"It's a very bright light, so when it turns on in your peripheral vision, you'll have a reflex action to look back in that direction," said Ron Szabo, director of forward engineering for Delphi's infotainment and driver interface product line.
If the LEDs don't work, MyFi can take other mitigating actions, such as sounding an alarm or shutting down selected features. At a higher level, it can incorporate information such as vehicle speed or sensor data from a forward-looking radar array to detect obstacles, pedestrians, and lane departures. It can also connect to the cloud and incorporate traffic conditions.
"Texting and cellphone usage tend to dominate the discussion today," DeVos said. "But they're really just the latest technologies. We're trying to create a system that can comprehend any form of distraction and provide counter measures to it."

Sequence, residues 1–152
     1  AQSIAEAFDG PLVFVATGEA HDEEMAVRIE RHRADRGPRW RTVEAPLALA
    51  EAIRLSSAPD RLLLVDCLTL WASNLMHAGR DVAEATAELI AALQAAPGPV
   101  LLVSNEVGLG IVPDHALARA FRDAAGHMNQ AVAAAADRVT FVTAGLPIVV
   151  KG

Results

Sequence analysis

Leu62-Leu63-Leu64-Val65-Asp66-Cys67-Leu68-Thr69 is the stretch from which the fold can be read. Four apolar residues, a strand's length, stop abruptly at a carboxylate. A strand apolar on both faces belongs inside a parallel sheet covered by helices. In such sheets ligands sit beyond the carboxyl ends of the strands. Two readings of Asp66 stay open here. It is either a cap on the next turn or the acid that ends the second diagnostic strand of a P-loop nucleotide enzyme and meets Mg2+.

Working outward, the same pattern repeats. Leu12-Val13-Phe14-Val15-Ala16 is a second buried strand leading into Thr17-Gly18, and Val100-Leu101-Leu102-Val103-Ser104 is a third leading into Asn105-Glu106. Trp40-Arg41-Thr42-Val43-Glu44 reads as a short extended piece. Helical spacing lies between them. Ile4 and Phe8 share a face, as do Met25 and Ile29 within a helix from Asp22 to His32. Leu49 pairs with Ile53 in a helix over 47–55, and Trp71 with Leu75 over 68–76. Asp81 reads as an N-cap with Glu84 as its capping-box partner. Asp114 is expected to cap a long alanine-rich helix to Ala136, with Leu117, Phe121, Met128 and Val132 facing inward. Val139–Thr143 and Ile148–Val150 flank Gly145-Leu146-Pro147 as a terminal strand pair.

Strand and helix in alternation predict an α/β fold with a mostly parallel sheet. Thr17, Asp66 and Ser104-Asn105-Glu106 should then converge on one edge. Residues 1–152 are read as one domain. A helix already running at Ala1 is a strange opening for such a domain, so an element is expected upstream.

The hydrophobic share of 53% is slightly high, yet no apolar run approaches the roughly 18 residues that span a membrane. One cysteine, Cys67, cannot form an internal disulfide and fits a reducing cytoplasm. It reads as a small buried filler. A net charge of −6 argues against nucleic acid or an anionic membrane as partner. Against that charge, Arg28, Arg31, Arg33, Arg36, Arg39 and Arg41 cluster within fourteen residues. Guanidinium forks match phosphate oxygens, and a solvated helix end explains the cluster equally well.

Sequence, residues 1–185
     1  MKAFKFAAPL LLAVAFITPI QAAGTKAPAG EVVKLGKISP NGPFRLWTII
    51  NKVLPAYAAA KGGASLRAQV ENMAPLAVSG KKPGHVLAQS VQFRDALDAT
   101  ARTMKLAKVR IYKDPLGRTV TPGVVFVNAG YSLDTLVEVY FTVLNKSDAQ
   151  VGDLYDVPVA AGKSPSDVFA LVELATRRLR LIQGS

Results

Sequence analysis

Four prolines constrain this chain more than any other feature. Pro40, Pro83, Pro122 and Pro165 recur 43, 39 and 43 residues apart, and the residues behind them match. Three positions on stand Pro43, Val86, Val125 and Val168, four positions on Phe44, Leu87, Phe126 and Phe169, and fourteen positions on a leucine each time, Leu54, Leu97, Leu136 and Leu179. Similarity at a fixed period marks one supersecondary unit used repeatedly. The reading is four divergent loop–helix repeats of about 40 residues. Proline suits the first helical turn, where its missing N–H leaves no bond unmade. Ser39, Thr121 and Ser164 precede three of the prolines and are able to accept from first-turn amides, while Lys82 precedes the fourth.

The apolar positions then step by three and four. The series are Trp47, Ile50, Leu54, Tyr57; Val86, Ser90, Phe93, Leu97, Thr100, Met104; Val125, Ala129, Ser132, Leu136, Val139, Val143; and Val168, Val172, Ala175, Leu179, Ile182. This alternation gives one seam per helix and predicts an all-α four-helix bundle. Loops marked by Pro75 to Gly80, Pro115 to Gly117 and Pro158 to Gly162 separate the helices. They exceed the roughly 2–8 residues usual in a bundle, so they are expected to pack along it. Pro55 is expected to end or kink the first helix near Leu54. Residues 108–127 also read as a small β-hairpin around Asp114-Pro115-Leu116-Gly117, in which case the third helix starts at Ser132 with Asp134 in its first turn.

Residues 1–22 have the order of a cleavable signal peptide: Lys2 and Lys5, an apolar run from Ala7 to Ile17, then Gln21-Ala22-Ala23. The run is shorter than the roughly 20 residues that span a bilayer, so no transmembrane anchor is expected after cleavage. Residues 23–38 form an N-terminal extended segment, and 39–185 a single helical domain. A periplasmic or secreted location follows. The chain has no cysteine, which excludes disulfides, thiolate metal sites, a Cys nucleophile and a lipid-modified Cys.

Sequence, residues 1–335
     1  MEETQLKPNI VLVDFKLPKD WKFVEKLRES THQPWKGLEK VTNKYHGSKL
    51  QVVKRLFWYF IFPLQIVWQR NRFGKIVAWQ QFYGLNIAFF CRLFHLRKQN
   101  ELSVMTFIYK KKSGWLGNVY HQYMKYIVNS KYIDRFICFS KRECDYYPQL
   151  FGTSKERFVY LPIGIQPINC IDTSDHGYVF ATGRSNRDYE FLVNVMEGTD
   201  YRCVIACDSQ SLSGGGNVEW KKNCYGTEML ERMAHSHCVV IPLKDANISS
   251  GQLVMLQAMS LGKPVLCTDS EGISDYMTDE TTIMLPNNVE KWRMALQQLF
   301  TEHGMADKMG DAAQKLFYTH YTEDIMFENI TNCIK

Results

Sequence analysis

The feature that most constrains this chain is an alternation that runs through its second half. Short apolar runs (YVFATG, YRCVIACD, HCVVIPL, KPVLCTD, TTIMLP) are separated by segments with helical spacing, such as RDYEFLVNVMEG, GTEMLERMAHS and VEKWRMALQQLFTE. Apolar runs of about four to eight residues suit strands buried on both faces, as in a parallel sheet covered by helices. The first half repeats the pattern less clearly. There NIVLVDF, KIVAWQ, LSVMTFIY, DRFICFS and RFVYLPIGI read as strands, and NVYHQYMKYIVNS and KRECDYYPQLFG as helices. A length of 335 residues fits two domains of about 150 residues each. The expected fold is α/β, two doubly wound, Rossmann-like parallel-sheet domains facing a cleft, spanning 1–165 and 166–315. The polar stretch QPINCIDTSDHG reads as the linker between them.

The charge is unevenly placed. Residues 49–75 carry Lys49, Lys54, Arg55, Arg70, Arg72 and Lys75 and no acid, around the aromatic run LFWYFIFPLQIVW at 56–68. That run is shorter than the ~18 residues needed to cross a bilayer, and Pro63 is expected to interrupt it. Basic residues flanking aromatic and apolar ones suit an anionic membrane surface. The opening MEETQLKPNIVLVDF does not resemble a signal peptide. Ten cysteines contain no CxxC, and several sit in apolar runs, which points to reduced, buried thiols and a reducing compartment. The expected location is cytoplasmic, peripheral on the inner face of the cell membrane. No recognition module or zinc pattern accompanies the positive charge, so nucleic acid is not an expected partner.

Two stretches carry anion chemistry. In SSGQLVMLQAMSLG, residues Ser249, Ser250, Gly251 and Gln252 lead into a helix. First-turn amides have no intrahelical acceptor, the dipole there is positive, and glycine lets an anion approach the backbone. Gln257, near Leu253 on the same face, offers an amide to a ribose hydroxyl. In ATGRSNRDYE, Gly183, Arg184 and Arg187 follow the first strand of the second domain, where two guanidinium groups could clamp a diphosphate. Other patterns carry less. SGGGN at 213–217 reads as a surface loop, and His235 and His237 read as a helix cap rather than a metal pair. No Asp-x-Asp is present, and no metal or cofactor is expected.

Toyota's NS4 concept car uses a human-machine interface (HMI) with the look and feel of a smartphone. Toyota is teaming with Intel, Microsoft, and Salesforce.com on the interface.
Detecting distraction is only part of the battle. Automotive engineers are also trying to build better in-dash systems, so that the distraction doesn't happen in the first place.
One way to do that already exists but needs improvement. Voice recognition combined with Bluetooth headsets can help drivers direct the operation of many of the car's features. Ford's Sync lets users operate phones and radios and navigate music libraries with voice commands. And Delphi has shown how speech-to-text systems can help drivers send text messages, and text-to-speech technology can read incoming texts.
However, engineers say that voice recognition systems need to become more intuitive than they are today. "We'd like to get to the point where we have no-look controls," Szabo said. "Natural voice commands will be important in helping us get there."